Sam Sevian

Kasparov Subsides at St. Louis Chess Tourney While Sam Sevian Scores Career Best

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LOUIS, Missouri (Guardian) — The 2022 Champions Showdown 9LX (Fischer Random) in St. Louis proved a horror show for Garry Kasparov, who in his prime as world champion from 1985 to 2000 won 15 consecutive tournaments. The 60-year-old, who rivals Magnus Carlsen and Bobby Fischer as the No 1 of all time, managed only a single solitary draw in nine games, and blamed it on the demands of his political work.

Back again last week for another try, Kasparov had a brilliant start with 3/4, leading the 10-player elite field headed by the world Nos 2 and 3, Fabiano Caruana and Hikaru Nakamura, unbeaten after impressive wins against Wesley So and Ray Robson and draws with Nakamura and Levon Aronian.

Round five against Jeffery Xiong proved the turning point. Kasparov created a strong pawn centre at e4 and f4, then failed to strike. When the opportunity arrived for e5, f5 and fxg6 opening up the black king he missed it, soon lost on time, then lost his final four games to end up in eighth place with 3/9.

The main culprit was his poor clock handling. He often used more than half his 20 minutes time on the opening, and had to play with only the 10 seconds per move increment for the final part of the game.

Kasparov may yet return for the St Louis Rapid and Blitz in November. One of his predecessors, Emanuel Lasker, who held the world crown for a record 27 years from 1894 to 1921, also competed sparingly in his later years, yet achieved one of his best career performances when aged 67 at Moscow 1935, finishing third just half a point behind Mikhail Botvinnik and Salo Flohr, who were then world top 10 players and 40 years or more his junior.

Kasparov enjoyed his brief day in the sun at the start of the Champions Showdown. When Magnus Carlsen sent him congratulations on his performance, he was able to thank him: “From one ex world champion to another.”

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For Sam Sevian, first place in the Champions Showdown was a career-best performance at age 22. He has always been very talented, known for his brilliant final move against Alexey Shirov, but like other US GMs in their 20s has found it hard to break into the elite trio of Caruana, Nakamura and So.

Sevian has made a specialty of studying 9LX, and it paid off in his final-round battle with Caruana for first prize, where he launched a deadly attack with queen and both rooks on the world No 2’s king, blew open the defenses with a bishop sacrifice at b2, and clinched victory in this week’s puzzle diagram.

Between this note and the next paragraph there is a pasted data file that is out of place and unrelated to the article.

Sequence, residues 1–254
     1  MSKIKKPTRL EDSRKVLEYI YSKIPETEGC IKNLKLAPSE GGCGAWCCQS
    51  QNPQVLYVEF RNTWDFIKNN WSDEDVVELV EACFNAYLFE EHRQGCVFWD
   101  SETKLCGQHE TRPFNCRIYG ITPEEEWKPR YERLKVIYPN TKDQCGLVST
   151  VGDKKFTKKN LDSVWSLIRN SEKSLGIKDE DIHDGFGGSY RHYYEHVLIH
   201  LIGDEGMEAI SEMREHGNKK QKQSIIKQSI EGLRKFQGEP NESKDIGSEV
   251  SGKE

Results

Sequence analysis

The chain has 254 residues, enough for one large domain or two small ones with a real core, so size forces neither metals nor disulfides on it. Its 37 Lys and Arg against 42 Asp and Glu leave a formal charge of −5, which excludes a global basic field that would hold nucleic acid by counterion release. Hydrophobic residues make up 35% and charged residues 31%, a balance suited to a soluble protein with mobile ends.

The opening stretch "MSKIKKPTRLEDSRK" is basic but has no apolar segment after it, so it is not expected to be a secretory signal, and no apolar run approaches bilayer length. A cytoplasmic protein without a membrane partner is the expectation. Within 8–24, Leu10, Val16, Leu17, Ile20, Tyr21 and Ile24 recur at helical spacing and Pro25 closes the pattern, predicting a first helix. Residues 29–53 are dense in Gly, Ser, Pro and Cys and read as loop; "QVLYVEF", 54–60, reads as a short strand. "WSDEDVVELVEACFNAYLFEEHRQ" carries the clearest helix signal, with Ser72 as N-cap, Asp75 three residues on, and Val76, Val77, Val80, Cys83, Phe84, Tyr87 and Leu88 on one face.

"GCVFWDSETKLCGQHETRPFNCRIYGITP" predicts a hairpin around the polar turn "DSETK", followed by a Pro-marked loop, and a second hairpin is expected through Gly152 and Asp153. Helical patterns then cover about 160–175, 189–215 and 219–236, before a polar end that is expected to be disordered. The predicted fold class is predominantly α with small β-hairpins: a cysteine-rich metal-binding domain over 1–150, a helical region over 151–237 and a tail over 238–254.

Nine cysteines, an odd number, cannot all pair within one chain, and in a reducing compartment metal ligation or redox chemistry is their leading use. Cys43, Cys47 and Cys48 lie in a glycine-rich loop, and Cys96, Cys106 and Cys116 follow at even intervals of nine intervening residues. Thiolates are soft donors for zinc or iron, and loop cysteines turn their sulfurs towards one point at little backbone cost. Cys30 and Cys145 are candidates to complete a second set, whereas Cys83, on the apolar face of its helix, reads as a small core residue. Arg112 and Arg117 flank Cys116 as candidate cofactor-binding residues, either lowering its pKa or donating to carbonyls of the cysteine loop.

Elsewhere, the Vladimir Kramnik v Hans Niemann dispute reported last week continued as the former world champion issued a long video claiming to identify suspicious moments during their first game.

Kramnik’s allegations have left many unconvinced. One typical comment on Reddit was: “Hans moves fast, sus. Hans moves slowly, sus. Hans plays a good move, sus. Hans plays a bad move, sus. Hans knows the ideas and nuances, a good player. Hans misses an idea, sus. Hans doesn’t play an obvious move but plays something worse, sus. Hans thinks when there’s an obvious move, sus.” It was 3/2 blitz, and Niemann was streaming throughout the game.

The Danish GM Jacob Aagaard, 50, is a respected chess trainer and author, who while domiciled in Scotland, won the 2007 British Championship. Aagaard is one of the few people to have been close enough to Niemann to assess the controversial 20-year-old objectively.

A few days ago he wrote: “Our training session was a week. It was meant to be a camp, but no one else could make it. Hans was difficult to train. I tried to do calculation and endgame training with him (he had requested endgame training). At first, I showed exercises from recent games (last 18 months) that I really liked. He knew them ALL. I was astonished by his memory. I was astonished by his intuition. Both were off the charts for what I have seen training Shankland, Gelfand, and other 2600+ and a few 2700s.”

Meanwhile, as Niemann continues to stream, the World Junior Championship in Mexico City, where he is top seed with an opportunity to revive his over-the-board career, is now less than two weeks away.

England’s Shreyas Royal, 14, is seeded 36th out of 139 entrants, and will regard this as another opportunity to score his second (of three needed) for the grandmaster title.

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